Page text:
“The BJP has always been competitive in these states, evidenced by roughly similar results in 2003. The bigger test of a wave is whether the BJP can win Lok Sabha seats from Andhra Pradesh, Tamil Nadu, West Bengal and Kerala. The BJP won just one total Parliament seat from these states in the last two elections,” said Richard M Rossow, Director for South Asia, McLarty Associates.
“While it’s hard to quantify exactly how much Modi contributed to the BJP’s strong showing it’s clear that Modi has energized the BJP,” he said. Although the recent state elections have been billed as a “semi-final” for the 2014 elections, one should keep in mind that the scope of these elections is limited to four states in the Hindi heartland where the BJP has historically had a strong presence, observed Milan Vaishnav, of the Carnegie Endowment for International Peace.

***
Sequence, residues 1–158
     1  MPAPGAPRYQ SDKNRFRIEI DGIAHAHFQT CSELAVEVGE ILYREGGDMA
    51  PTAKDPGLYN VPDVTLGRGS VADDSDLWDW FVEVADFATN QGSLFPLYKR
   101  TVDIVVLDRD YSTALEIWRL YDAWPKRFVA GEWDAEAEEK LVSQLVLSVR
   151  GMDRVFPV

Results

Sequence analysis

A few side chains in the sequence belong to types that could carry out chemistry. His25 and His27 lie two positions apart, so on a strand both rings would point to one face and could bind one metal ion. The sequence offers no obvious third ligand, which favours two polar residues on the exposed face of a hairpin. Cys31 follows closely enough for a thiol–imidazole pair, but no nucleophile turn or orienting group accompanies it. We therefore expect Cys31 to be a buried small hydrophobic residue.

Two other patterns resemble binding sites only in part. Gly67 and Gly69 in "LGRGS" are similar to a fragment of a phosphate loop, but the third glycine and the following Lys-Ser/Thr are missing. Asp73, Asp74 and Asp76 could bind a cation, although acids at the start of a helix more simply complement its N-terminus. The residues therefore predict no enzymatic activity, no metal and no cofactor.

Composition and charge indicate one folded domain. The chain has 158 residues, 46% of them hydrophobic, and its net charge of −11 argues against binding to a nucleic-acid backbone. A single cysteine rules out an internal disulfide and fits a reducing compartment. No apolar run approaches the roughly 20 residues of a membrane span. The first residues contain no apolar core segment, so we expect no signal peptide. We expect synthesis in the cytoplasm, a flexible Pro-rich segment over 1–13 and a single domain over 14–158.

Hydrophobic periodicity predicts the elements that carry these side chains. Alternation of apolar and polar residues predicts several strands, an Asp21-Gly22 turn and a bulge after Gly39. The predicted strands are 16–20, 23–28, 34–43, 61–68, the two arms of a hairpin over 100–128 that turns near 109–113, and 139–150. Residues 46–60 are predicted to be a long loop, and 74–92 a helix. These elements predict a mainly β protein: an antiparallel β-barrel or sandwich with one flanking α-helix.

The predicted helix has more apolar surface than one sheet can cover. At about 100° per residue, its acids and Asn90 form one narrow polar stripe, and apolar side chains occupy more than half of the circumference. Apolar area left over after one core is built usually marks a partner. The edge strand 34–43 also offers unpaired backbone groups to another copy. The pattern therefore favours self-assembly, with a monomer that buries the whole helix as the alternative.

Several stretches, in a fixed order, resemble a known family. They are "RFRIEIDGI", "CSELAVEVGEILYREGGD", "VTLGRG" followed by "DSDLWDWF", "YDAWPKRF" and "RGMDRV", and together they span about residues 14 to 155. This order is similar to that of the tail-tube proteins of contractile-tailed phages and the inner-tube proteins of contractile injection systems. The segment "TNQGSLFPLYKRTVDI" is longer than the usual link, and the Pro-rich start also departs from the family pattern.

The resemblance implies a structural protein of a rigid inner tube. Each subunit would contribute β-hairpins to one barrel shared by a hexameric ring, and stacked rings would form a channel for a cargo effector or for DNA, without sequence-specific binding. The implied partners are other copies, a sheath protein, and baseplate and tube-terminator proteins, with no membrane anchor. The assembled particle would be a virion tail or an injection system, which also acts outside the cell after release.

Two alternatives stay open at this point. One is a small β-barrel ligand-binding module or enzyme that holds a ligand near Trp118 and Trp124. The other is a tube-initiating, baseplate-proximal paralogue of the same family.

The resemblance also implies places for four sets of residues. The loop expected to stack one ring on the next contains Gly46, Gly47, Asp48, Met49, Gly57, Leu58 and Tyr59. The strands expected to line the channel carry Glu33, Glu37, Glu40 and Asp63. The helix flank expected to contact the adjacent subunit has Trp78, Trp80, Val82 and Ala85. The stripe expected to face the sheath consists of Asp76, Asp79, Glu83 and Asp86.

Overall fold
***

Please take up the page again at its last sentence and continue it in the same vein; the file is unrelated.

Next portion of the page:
The prestigious American think-tank has launched a ‘India Decides 2014’ on its website, which keeps a close tab on the developments in India ahead of the 2014 elections. “BJP’s strong performance gives it unquestionable momentum heading into 2014. Even though Delhi remains a question mark, the BJP’s sweeping victories in Chhattisgarh, Madhya Pradesh and Rajasthan will give it a leg up as it builds its case nationally,” Vaishnav said. The BJP triumphs also allows Modi to consolidate his position within the party, he said. “As the effective leader of the party, Modi will undoubtedly receive the credit for the BJP victories. But the Modi factor is not the principal reason the BJP fared well in these elections. The BJP’s success is due to local factors, including the fact that it had strong chief ministerial candidates,” Vaishnav explained. (PTI)